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It’s easy to think of The Fiery Furnaces’ Eleanor and Matthew Friedberger as modern versions of J. D. Salinger’s Franny and Zooey—beautiful, chain-smoking, damnably charming siblings who speak a unique language with acid tongues. Much of their output has been insular and inscrutable, yes, but they’ve mostly overcome it by being intriguing and prolific.
The avant-pop duo’s last album came out in 2009, and in the time since Matthew has released three records as part of an ambitious eight-album project—this in addition to a double album in 2006. So it’s odd that it’s taken Eleanor so long to make her own solo recording.
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Last Summer begins with the line, “I thought I learned from my mistakes,” and those stretching to find a musical explanation might point to The Fiery Furnances’ 2005 release Rehearsing My Choir, a well-intentioned but unfocused, alienating, quasi-unlistenable tribute to their grandmother. Their subsequent releases, especially 2007’s Widow City and 2009’s I’m Going Away, exhibited much improved discretion. Last Summer is an even more significant step, and “My Mistakes,” the sumptuous lead single, is a perfect showcase for Eleanor’s more accessible, more tuneful new sound.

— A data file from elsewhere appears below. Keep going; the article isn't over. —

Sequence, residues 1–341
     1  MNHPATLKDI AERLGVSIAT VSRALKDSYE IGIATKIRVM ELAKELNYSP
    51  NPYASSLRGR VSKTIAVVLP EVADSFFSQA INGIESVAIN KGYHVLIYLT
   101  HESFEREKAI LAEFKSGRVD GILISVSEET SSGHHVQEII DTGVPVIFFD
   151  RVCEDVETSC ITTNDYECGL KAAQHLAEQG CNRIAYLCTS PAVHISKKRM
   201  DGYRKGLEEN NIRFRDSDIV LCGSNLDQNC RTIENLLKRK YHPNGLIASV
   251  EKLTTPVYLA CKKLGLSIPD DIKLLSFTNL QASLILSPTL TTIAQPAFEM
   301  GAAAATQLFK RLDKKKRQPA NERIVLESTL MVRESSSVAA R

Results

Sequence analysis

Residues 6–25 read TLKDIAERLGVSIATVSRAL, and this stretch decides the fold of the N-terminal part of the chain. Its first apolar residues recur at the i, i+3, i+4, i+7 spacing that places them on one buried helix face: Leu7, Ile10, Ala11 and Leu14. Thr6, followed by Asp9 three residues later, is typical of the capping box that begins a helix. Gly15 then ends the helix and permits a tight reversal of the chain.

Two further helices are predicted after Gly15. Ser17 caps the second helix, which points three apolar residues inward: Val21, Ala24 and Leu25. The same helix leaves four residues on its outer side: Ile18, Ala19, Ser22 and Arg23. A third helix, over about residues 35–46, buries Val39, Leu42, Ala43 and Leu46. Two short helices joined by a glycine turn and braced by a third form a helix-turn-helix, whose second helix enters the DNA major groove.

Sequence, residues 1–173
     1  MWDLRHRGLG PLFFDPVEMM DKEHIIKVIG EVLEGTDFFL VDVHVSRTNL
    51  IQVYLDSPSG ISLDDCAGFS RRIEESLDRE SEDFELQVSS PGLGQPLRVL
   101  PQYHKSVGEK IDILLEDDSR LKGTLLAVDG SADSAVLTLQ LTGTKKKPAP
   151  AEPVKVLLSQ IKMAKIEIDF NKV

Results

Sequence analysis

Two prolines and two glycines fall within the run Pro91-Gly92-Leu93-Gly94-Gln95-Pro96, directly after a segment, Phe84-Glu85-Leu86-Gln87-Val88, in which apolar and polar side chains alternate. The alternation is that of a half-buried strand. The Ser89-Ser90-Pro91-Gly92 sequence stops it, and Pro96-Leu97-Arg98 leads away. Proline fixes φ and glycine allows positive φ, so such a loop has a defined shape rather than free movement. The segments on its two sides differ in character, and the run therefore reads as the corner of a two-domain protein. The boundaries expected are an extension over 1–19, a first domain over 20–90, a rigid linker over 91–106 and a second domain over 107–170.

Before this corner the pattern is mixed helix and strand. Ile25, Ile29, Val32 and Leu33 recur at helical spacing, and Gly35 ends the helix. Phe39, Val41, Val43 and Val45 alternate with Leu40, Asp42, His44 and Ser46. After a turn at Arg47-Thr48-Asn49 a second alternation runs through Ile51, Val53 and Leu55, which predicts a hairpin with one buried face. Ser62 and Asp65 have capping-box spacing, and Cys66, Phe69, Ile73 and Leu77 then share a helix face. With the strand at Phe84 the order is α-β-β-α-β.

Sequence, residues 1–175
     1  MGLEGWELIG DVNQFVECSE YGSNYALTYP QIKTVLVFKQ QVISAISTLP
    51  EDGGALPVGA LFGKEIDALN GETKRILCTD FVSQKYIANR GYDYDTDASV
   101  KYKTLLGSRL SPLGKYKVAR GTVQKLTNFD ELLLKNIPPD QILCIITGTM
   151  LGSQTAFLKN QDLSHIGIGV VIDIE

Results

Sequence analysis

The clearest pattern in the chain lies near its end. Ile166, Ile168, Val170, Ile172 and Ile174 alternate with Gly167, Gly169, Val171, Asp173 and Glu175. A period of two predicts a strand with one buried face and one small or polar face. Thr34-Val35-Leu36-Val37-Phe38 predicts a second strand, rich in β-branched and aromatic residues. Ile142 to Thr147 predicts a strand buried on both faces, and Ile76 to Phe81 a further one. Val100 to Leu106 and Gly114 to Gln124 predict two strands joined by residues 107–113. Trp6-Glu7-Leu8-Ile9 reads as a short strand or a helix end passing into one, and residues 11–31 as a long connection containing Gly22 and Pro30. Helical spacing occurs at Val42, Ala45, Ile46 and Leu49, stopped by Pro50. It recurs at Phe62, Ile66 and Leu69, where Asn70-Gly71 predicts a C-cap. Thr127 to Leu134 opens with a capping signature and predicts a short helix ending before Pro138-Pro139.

As its nostalgic title suggests, Last Summer is an album about looking in the rear view, especially in how Eleanor and producer Eric Broucek lovingly send up early-’70s AM pop. You can hear Supertramp in the electric-piano throb of “Glitter Gold Year,” Steely Dan in the rubbery bass work of “Roosevelt Island,” and Chicago in the rooftop sax of “Owl’s Head Park.” All 10 songs have a sunlit holiday glaze worthy of Lindsey Buckingham.
And this send-up may not be so loving, after all: It can be hard to tell when Eleanor is kidding in the “diary” entries that accompany the album’s vinyl version. Here she quips about performing at Lilith Fair 2012, which is definitely a joke, but then she worries about one of her songs sounding like “Joanna Newsom sinister crap,” which could go either way.
There is no doubt, however, that Eleanor sounds more confident, sensual, and unburdened on Last Summer than on any record by her band. (That she sounds so great solo should leave her brother at least slightly concerned.) Of course, Last Summer still retains some of the signature quirks of The Fiery Furnaces. Take the out-of-key synth on “Heaven,” or this attention-grabbing line from “Inn of the Seventh Ray”: “Watch Footloose with the biggest bottle of vodka in the world.” Whatever it says about Eleanor’s main band, Last Summer was worth the wait. As a famous Virginia Slims ad from the decade the album inhabits used to say, “You’ve come a long way, baby.”